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Ladysmith museum exhibit a ‘tree-mendous’ opportunity to explore forest history

‘Treemendous: Our Fascinating Forests’ opened earlier this month
Welcoming visitors to the opening of the Ladysmith Museum’s new exhibit were Stz’uminus elder George Harris and Ladysmith and District Historical Society president Quentin Goodbody. The exhibit, titled Treemendous: Our Fascinating Forests, can be viewed daily. (Photo submitted)


Ladysmith Museum’s new exhibit examines the community’s place amidst the forests of Vancouver Island.

The Ladysmith and District Historical Society along with the Ecoforestry Institute Society have partnered on the newest exhibit at the museum on First Avenue. Treemendous: Our Fascinating Forests opened to the public on June 28.

At the exhibit’s opening, Stz’uminus elder George Harris shared stories relating to the continuing importance of the forest to the Stz’umimus First Nation. He loaned a number of cedar artifacts to the exhibit, including several paddles which came from his long career in canoe racing.

The exhibit, which has been in the planning stages for months, was all done by volunteers from the local society.

“Rather than just focusing on the past, the museum plays a role as a learning centre in which the present is explained through examining the past, thus providing a foundation for charting a way to the future,” said Quentin Goodbody, president of the historical society. “And that is how the Treemendous exhibit is designed.”

The exhibit starts by looking at the growth of forests, focusing on the coastal Douglas fir. It then introduces the importance of forests to the Indigenous Peoples of the Pacific Northwest, provides glimpse of their knowledge gained from millennia of observation and familiarity, and explains some of their forest management practices. The exhibit moves on to commercial exploitation of forests.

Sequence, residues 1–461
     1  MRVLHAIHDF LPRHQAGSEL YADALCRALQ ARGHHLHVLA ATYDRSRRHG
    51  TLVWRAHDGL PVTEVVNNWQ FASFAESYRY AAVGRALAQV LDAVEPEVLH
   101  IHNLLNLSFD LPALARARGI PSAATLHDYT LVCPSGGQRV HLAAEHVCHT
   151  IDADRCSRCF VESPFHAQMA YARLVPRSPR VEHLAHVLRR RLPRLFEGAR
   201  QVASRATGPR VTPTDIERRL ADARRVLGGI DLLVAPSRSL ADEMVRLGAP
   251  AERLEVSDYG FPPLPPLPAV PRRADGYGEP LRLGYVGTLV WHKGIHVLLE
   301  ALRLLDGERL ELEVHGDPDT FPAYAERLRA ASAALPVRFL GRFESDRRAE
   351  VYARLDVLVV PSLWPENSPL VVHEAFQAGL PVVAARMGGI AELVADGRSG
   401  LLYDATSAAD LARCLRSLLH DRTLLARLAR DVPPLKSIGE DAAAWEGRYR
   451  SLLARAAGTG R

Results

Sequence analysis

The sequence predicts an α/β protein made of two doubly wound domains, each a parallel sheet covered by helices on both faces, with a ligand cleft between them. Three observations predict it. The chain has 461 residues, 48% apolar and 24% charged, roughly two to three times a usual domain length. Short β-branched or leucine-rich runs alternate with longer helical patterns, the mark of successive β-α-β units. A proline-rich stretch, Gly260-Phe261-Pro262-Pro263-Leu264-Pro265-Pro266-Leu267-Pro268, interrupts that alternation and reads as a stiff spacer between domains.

“To the early settlers of the 1860s and ’70s, the forest must have been an awesome sight: stands of massive, stately trees continuing, unbroken, to the horizon,” Goodbody said. “Trees to the shoreline posed a barrier to communication and farming. Clearing of homesteads was done with axe and oxen. This was followed by the rapid advance of commercial logging.”

He noted that prehistoric forests deeply influenced the commercial history of the region, as Cretaceous forests and peats provided the coals that prompted settlement in colonial times.

The exhibit follows the history of local logging, up to and including the two active sawmills in Ladysmith Harbour which form an important part of the town’s economy.

Next, the exhibit looks to the future, examining current scientific understanding of forest ecology and dynamics, the effects of climate change and the threats the forest now faces.

“What will our future forests look like? Well, they are not the same as they were yesterday and will not be the same as today, with much of this change arguably due to us,” Goodbody said. “It is vital we look after our forests. Our environment and future depends on it. We all have a role to play.”

Cheryl Bancroft envisioned the exhibit, she and Goodbody researched the subject, and the construction of the exhibit was co-ordinated by Gord Filewych and Goodbody. Western Forest Products sponsored the printing, and the panels were produced by Straightline Graphics and Signs.

The public is encouraged to come check out the exhibit. Admission is free, though any donations go toward keeping the museum operating. The museum is open daily from 10 a.m. to 4 p.m.

READ ALSO: Ladysmith celebrates town’s forestry heritage

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